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Personal comforts

What is this strange thing that happens with age? In my teens I could just pop a few things in a backpack and walk out of the house to explore the world. Which I did, at eighteen and again at nineteen, backpacking around China. The latter trip was with two older boys, a schoolmate and his friend, and we spent three months traveling from Hong Kong to Guilin, taking the long overnight train past Guizhou to Yunnan, where we spent nearly a month, on to Sichuan, and after which we parted on different routes. Many years later I met that schoolmate again, and oddly enough, we had both moved on to work in private equity. He mentioned a trip he had taken a few years ago to remote Mongolia, staying in very basic accommodations, and moving the very next morning to a luxury hotel because he was too uncomfortable.

“Cannot already lah,” he said. “I need my material comforts.”

In a similar vein, my husband told me a few years ago–“it’s much easier to upgrade your lifestyle than to downgrade.”

I still remember the cheapest room we found, for RMB 30 a night in Dali, a scenic mountainous town in Yunnan. It was a new backpackers sort of lodging, on a street corner, with an open-air restaurant below. A narrow staircase led to a few rooms, and ours had three beds in alternating solid colours, white-tiled flooring, a brand-new washroom. It was basic, but new and very clean. These days, a similar room in Dali would cost at least ten times more, and in the big cities, multiple times more.

Although I hate to admit it, coming to Toji has been a physically disconcerting experience. It’s stunningly beautiful. But I had not realised how accustomed my body was to physical comforts. I had forgotten what it’s like to wake up in the morning with damp cold in your bones. I miss my down comforter and memory-foam pillow. I miss the abundance of choice back home, where I can choose from ten or more different international cuisines at almost any time of day, and if that fails, there’s always something at the hawker centre. And I’ve not even gotten to how much I miss the kids and cuddling their soft, warm bodies.

And yet there’s something about shocking the system by returning to basics. It feels almost like a detoxification experience. A mind-cleanse. Life is simple. The food is simple. We wake, we eat, we write. We write, we eat, we sleep. I look out of my window and don’t see a soul, the only sign of civilization the lone car, truck or bus 34 winding its way back to town. Even the music I sometimes play from my laptop sounds too incongruent with my physical surroundings, too urbane, too discordant.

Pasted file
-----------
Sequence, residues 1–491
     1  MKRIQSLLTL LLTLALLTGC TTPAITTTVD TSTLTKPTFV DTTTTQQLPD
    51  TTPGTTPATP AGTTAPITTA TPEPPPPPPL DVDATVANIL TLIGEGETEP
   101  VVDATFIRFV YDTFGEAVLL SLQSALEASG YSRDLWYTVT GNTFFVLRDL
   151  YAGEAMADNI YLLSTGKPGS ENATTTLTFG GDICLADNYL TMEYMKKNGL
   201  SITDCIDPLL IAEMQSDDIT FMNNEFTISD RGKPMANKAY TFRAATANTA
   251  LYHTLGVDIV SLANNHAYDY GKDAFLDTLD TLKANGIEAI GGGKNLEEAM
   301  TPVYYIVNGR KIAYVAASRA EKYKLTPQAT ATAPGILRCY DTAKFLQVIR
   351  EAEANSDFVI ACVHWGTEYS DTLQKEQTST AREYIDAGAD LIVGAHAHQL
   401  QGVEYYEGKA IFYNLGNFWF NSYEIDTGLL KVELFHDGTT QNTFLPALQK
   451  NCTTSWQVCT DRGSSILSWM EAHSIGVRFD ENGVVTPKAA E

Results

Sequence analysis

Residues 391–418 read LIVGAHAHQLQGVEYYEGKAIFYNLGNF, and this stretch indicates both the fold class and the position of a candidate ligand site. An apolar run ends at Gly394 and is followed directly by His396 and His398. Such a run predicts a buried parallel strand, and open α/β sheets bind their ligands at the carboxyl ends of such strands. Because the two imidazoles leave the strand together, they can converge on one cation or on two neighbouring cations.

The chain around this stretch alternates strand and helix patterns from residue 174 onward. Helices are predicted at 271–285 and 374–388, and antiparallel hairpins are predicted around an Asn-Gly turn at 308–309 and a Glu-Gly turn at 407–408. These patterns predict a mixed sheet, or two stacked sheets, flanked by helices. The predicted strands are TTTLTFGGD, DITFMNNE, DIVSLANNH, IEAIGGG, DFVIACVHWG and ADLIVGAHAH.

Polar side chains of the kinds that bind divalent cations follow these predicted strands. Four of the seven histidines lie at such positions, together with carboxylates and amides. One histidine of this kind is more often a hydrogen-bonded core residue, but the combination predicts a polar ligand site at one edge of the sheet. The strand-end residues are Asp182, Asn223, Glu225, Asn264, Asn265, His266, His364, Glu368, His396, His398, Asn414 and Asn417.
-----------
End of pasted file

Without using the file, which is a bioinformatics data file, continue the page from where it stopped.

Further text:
Having so much less all of a sudden forces you to question yourself. What do you really need in life? Like many other women from the city when they travel, I brought tons of skincare samples in lieu of lugging around large bottles. I’ve barely used any. I feel embarrassed to have even brought a pared down cosmetics pouch. The other day I put on lipstick when I went to town and it just felt…wrong. Even though I did feel a little less embarrassed when I reached town and the young people were all made up.

But in this slow, still environment, I can feel my mind quieting. I check my phone less often (although I just did after writing this line). When I look at my friends’ social media posts from back home, the urge to reply leaps up my throat–then sinks back down again. Being alone, being away, sitting in front of a panorama of mountains and golden yellow rice padi fields has made me realise how addicted I was/am to social media and how hard that has made it for me to focus.

Little by little, the fog over my head is clearing. I’m starting to feel more at peace with myself. The quietness I have sought for so long is within reach–the quietness of acceptance, of being one with the environment, that I am but a stalk of rice swaying in the autumn wind.

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